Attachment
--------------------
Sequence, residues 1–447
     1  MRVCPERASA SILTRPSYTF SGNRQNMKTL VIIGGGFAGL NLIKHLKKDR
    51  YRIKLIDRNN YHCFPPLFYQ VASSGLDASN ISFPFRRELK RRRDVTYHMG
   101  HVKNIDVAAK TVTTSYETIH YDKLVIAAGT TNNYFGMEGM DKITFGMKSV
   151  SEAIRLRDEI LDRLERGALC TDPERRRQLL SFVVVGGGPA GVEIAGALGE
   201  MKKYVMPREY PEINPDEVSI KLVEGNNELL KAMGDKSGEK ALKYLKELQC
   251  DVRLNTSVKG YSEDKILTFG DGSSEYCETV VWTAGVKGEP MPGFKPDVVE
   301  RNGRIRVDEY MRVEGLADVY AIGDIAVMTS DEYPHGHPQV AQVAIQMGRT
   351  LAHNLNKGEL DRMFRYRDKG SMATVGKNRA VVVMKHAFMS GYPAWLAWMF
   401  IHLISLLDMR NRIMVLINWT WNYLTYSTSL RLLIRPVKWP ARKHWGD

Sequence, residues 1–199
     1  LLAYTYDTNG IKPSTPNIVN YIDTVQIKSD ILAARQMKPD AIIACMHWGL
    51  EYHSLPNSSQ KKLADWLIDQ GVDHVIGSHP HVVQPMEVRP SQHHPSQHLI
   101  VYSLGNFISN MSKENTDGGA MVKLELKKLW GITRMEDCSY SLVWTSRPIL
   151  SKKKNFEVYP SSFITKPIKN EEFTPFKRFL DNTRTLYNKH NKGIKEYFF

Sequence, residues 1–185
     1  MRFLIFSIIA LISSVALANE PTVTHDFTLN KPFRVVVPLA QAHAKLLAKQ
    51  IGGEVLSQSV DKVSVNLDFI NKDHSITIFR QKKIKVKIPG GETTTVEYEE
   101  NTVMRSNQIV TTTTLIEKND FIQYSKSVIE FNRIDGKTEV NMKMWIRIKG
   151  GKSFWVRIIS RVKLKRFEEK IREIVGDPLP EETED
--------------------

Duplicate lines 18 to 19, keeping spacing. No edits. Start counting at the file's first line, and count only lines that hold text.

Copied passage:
    51  IGGEVLSQSV DKVSVNLDFI NKDHSITIFR QKKIKVKIPG GETTTVEYEE
   101  NTVMRSNQIV TTTTLIEKND FIQYSKSVIE FNRIDGKTEV NMKMWIRIKG